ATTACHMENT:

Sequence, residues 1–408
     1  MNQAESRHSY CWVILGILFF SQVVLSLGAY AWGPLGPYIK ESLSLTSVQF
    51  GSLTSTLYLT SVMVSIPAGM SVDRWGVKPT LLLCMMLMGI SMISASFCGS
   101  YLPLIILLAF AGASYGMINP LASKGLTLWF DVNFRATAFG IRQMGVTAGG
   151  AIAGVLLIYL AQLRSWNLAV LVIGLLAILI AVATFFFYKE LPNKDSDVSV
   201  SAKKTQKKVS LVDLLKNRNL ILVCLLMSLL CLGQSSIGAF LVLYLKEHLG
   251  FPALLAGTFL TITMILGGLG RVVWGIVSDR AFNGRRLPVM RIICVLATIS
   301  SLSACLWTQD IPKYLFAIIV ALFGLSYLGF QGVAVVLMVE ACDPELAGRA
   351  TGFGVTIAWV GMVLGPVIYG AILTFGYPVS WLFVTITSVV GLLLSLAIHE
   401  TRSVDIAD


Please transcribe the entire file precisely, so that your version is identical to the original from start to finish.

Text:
Sequence, residues 1–408
     1  MNQAESRHSY CWVILGILFF SQVVLSLGAY AWGPLGPYIK ESLSLTSVQF
    51  GSLTSTLYLT SVMVSIPAGM SVDRWGVKPT LLLCMMLMGI SMISASFCGS
   101  YLPLIILLAF AGASYGMINP LASKGLTLWF DVNFRATAFG IRQMGVTAGG
   151  AIAGVLLIYL AQLRSWNLAV LVIGLLAILI AVATFFFYKE LPNKDSDVSV
   201  SAKKTQKKVS LVDLLKNRNL ILVCLLMSLL CLGQSSIGAF LVLYLKEHLG
   251  FPALLAGTFL TITMILGGLG RVVWGIVSDR AFNGRRLPVM RIICVLATIS
   301  SLSACLWTQD IPKYLFAIIV ALFGLSYLGF QGVAVVLMVE ACDPELAGRA
   351  TGFGVTIAWV GMVLGPVIYG AILTFGYPVS WLFVTITSVV GLLLSLAIHE
   401  TRSVDIAD